Operators of secondary short-term rental units in Quebec will have to register with the Corporation de l’industrie touristique du Quebec—which also regulates the province’s hotels—or face fines in the thousands.
The new piece of regulation, slated to come into effect this fall, targets properties being rented out for fewer than 31 days, and failure to comply will permit Revenu Quebec to dole out fines of up to $10,000 for individual operators and up to $25,000 for corporations.
The proliferation of short-term rentals in the country’s second-largest city has all of a sudden dried up its rental inventory—the reason for which the regulation is garnering support in the real estate industry.
“If you look at certain neighbourhoods—the Plateau-Mont-Royal and the city centre—about 3-5% of units are being used for Airbnb,” said Maxime Roy-Allard, a spokesperson for Regroupement des comites logement et associations des locataires du Quebec, a rental advocacy organization. “Thousands and thousands of apartments are being taken out of the rental housing market and that’s concerning because we hear about many families with the first of July approaching [when leases in the province begin and expire] are finding it difficult to find big enough places that are affordable.”
In fact, there are even bidding wars on long-term accommodations now because short-term rentals have eaten up so much of Montreal’s available stock.
“They’ll offer $50 or $100 more a month for the apartment, but of course low-income tenants don’t have the opportunity to do this because they can’t afford to,” said Roy-Allard.
While the regulation is welcome, Roy-Allard noted that it doesn’t go as far as the Regroupement des comites logement et associations des locataires du Quebec would like it to.
“We don’t want there to be secondary units at all,” he said. “What we say is it should be banned, but we know the government won’t go that far right now. We think that only your primary home should be used for Airbnb and it should be limited to a certain amount of days.”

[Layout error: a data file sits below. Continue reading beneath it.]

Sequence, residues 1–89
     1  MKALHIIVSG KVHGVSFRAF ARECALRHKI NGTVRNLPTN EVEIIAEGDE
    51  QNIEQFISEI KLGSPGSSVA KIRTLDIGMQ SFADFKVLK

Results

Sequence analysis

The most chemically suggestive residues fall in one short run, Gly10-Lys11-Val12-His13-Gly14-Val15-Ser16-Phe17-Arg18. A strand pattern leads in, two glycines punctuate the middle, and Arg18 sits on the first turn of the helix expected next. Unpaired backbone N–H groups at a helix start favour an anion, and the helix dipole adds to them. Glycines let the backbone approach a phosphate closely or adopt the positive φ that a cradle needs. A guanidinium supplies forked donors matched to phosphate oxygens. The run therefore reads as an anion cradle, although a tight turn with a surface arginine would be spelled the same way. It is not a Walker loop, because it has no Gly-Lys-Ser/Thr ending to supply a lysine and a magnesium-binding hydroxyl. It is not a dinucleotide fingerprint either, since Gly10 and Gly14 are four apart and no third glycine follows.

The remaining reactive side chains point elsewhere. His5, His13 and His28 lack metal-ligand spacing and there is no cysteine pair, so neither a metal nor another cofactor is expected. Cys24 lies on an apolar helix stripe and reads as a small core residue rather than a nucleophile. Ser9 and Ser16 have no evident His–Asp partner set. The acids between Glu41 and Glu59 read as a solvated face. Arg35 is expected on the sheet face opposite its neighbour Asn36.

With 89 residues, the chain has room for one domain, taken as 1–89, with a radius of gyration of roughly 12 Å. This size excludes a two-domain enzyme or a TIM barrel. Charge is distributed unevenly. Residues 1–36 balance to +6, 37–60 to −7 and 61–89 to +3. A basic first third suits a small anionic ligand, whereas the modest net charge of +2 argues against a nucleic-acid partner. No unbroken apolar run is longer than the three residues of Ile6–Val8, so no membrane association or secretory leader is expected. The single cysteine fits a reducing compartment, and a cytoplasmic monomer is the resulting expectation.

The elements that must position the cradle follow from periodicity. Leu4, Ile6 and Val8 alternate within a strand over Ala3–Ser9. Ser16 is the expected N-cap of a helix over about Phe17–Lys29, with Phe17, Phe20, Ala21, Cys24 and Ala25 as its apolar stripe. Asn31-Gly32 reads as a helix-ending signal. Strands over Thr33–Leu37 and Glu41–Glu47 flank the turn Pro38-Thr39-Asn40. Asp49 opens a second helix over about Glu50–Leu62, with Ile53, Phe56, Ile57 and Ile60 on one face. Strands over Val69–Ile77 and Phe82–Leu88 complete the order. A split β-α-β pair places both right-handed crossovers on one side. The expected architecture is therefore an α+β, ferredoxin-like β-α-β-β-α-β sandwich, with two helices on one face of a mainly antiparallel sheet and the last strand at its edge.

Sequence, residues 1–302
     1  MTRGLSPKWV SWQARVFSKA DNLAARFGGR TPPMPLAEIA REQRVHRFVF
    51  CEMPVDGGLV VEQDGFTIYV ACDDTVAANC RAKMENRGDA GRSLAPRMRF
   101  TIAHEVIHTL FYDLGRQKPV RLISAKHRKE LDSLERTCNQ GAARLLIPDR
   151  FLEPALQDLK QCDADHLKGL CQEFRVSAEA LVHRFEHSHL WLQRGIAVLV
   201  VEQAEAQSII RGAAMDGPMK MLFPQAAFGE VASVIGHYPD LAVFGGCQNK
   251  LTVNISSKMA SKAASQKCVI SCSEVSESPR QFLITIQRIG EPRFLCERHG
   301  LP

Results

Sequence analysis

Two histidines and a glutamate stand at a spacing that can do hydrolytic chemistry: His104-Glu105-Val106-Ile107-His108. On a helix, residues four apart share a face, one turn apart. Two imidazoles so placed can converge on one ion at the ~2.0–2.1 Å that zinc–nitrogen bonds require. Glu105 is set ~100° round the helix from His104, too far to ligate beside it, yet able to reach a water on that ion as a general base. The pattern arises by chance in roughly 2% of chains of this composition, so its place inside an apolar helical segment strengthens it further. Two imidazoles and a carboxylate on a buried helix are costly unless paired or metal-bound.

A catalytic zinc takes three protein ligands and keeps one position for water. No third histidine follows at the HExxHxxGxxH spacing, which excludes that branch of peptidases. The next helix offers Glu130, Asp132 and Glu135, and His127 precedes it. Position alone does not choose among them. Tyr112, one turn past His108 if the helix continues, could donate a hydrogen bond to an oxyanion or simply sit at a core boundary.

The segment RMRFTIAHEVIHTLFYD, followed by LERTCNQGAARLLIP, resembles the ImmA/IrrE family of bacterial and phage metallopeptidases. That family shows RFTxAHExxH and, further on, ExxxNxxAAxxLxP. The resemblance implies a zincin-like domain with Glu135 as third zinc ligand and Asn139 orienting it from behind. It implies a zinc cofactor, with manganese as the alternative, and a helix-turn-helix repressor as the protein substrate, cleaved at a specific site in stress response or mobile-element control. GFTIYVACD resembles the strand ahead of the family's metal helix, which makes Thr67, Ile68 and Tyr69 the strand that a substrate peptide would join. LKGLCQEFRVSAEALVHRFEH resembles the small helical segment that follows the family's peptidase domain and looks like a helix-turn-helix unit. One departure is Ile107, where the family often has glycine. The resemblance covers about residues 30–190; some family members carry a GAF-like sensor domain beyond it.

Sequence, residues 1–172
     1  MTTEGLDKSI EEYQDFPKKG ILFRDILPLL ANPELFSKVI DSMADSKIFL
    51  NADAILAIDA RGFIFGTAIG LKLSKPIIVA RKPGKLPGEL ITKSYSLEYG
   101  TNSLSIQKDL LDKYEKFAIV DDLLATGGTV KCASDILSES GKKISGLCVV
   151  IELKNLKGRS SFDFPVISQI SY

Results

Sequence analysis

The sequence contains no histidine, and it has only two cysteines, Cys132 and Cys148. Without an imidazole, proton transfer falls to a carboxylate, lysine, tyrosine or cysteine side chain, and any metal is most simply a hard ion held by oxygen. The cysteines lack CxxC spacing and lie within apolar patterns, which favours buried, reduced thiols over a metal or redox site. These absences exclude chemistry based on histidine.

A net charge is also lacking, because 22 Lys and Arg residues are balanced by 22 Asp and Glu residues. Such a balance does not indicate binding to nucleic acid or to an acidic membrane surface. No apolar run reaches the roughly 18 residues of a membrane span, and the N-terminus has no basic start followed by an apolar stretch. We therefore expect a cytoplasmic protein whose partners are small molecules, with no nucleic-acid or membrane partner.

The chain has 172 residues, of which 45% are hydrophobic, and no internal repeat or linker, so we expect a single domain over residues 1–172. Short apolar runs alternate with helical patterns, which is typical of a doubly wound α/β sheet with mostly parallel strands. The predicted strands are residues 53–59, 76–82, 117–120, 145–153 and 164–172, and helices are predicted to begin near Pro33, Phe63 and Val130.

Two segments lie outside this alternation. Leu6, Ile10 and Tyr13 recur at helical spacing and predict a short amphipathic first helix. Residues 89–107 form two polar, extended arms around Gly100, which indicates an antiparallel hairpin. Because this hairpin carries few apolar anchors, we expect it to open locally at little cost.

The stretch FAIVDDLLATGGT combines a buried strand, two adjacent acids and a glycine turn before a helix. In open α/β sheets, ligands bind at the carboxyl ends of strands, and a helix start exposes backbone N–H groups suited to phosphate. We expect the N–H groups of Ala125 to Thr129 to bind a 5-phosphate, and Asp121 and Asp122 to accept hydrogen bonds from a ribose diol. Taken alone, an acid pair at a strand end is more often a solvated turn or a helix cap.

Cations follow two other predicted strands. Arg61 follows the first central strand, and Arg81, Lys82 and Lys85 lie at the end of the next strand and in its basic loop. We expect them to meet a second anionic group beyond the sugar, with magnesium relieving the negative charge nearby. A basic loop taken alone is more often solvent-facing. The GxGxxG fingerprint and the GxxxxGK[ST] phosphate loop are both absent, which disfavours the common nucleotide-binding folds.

Montreal-based chartered broker Amy Assaad of Royal LePage also welcomes the regulatory regime for short-term rentals because, to date, Airbnb has operated in the city with virtual impunity. The short-term rental model has grown to such an extent that entire buildings in the city only rent to transient tenants.
“Whole apartment buildings have been turned into Airbnbs,” said Assaad. “They do this because they see more profit and there’s huge demand for it, but it takes away from long-term renters, so I think this regulation is great. We needed more structure and Airbnb came to Montreal too quickly, and with too few rules to follow, and it’s caused inventory to fall considerably because the owners of entire apartment buildings see more value in renting units on a short-term basis.”
The regulation is good news for hotels, which have watched their market shares erode with nary a solution in sight. Patrice Groleau, license partner at Engel & Völkers Montreal, says that the prevailing mood regarding short-term rentals in the city is one of frustration.
“These are professional landlords and, for the ones doing it as a side business, the regulation will force them to declare tax revenue, which is good because it’s more money for the government,” he said. “This really makes sense. We’re selling a lot of projects and a lot of them don’t allow short-term rentals. So we’re going back to the main reason that Airbnb was created in the first place.”
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